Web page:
International Writers Magazine: Review
of the Witch by Natasha Mostert
Publisher: Bantam Books Ltd (14 Jul 2008)
Frances Lewis review
extraordinary Gothic novel, reads the blurb on the inside cover,
that takes on big themes love, death, alchemy, the power
of the human mind to transform and transcend reality and
wraps them into a thriller narrative
well, this is partially
true. While Mosterts fourth novel has all the ingredients
necessary for a Gothic thriller (black cats, spiders, magic, a big
creepy house, murder and mysterious sisters), theres no escaping
that the twenty-first century setting feels like an aberration,
an uncomfortably modern overcoat on finely frilled Victorian garb.
Meet the protagonist:
Gabriel Blackstone, ace computer hacker and man about town, who at the
start of the novel is contacted by an old flame regarding the disappearance
of her stepson some weeks ago. Gabriel is called upon especially because
he is a remote viewer somebody who can read other
peoples minds. He used to be part of a national organisation dedicated
to the locating of missing persons, but gave it up because of some terrible
tragedy that left him doubting his abilities. The old flame Frankie,
also a remote viewer, though less powerful is hard to refuse,
and Gabriel soon finds himself slamming the ride again (an
oddly American-sounding phrase for reading a mind that doesnt
get better the more its used), in order to find this missing boy.
His bizarre visions lead him to the door of the Monk House, a rambling
Victorian mansion crumbling quietly away in Chelsea, and home to the
aforementioned mysterious sisters, Minnaloushe and Morrighan Monk. These
exotic creatures are somehow linked to the boys vanishment,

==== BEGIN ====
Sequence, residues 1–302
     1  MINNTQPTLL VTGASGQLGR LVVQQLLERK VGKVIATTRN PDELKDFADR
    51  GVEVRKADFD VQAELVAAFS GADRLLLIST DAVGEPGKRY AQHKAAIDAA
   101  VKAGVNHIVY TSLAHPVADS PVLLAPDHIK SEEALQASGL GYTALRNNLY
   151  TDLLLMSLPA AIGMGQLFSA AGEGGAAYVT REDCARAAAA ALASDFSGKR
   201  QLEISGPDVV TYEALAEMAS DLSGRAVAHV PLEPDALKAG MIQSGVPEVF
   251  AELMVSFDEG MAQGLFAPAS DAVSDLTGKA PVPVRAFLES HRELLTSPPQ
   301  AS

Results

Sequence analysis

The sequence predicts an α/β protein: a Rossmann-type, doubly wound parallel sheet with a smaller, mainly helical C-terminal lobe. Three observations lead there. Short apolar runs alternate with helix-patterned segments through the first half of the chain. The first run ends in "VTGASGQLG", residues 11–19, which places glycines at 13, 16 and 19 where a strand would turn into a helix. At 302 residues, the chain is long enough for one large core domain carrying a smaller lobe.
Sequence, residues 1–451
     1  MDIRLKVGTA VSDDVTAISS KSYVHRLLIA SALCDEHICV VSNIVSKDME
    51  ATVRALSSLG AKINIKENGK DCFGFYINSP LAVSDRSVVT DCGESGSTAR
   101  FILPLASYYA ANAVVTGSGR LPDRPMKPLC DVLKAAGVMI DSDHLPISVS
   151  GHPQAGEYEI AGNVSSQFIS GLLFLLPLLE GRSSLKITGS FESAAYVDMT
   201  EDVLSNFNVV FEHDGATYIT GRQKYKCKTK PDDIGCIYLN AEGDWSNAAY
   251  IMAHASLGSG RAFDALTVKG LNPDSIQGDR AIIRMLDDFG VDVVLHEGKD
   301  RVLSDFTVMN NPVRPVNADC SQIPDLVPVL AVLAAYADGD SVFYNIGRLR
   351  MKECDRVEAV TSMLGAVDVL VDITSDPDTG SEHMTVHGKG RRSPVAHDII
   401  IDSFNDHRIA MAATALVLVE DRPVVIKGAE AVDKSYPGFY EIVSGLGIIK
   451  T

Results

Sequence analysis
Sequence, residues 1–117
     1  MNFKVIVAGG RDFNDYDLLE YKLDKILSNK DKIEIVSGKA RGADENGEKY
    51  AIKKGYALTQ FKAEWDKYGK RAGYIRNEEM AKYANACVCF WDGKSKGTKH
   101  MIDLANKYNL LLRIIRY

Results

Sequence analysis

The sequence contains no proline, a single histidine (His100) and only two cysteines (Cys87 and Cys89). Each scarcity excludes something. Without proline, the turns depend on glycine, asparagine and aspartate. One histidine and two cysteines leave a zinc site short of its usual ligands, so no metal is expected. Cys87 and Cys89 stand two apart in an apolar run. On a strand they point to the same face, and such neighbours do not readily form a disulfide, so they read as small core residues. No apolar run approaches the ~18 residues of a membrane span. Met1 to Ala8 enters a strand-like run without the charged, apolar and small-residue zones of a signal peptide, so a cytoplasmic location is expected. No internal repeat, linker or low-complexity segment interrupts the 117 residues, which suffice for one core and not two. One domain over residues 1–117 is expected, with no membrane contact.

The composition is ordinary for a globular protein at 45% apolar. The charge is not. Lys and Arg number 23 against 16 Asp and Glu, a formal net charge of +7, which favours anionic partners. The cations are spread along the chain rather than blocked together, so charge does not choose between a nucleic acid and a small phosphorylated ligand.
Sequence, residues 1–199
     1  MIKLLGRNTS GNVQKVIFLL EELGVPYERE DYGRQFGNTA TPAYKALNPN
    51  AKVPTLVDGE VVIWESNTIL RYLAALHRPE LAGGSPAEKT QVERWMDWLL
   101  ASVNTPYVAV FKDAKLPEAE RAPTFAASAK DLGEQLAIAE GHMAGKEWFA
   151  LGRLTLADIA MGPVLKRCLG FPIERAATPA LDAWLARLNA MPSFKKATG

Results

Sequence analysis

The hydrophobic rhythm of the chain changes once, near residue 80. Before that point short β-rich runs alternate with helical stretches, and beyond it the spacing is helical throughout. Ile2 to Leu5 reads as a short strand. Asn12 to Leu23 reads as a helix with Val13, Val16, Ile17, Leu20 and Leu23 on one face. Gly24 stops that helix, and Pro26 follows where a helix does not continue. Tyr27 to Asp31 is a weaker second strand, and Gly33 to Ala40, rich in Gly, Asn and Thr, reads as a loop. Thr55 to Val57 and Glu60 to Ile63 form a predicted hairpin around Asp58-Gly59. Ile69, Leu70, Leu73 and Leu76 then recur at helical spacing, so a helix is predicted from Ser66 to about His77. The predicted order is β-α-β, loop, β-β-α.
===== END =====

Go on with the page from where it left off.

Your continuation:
and as Gabriel stumbles deeper under their spell, it soon becomes clear
he is dealing with murder instead but which of the sisters is
innocent, and which is the killer?
As the Gothic centre of the novel, the Monk sisters certainly look the
part: one red-haired, voluptuous and dreamy-eyed, the other raven-haired
and athletic, with a steely gaze. Their house is full of roses and African
masks and alchemical paraphernalia. They are socially adept, disgustingly
rich and funnily enough descended from Doctor John Dee,
the sixteenth century mathematician who had a passion for the occult.
This passion has ancestrally passed onto the sisters, whose obsession
with memory palaces and gnostic transformation ultimately leads them
into dangerous territory.
Mostert revels in the detail here, slipping in chunks of deftly researched
information that will enthral and confuse the reader in equal measure.
This is where the books strength lies. As far as the Monk sisters
are concerned, as characters they are rounded and interesting with an
intriguing history and sparky dynamic. The text comes alive when we
get a glimpse into their diary entries precursors to the early
chapters that inexplicably fade halfway in to the story and it
seems a shame that sometimes the action just drifts along, having bypassed
The weaknesses? Well, as someone who is supposed to be smitten by the
Monk sisters potency, Gabriel never quite convinces the reader
of his feelings. It all seems a bit convenient and contrived, so when
we are called upon to believe he has fallen in love with one of them,
it smacks more of handy narrative thrust than actual emotion. Hes
not particularly likeable either; too selfish to sympathise with and
a bit arrogant. If he didnt have his remarkable remote viewing
skills it would be difficult to see why the sisters would be interested
in him, let alone the reader. And as the story builds, we sense a twist
coming, which is disappointing when it does. Its just not surprising
enough. Finally, for a Gothic novel its not especially scary.
I could do with a bit more darkness and danger, some genuine shocks
and thrills. Shifting the setting back a hundred years or so would give
the book some atmosphere, maybe; would Victorian sensibilities reacting
to the arcane practices of mind-reading and ritual murder lead to much
needed tension? A Gothic thriller for modern minds that doesnt
quite fit the genre, perhaps, but an entertaining read all the same.
© Frances Lewis June 21st 2008
frances_lewis at hotmail.com
Fire Eternal by Chris dLacey
Frances Lewis review
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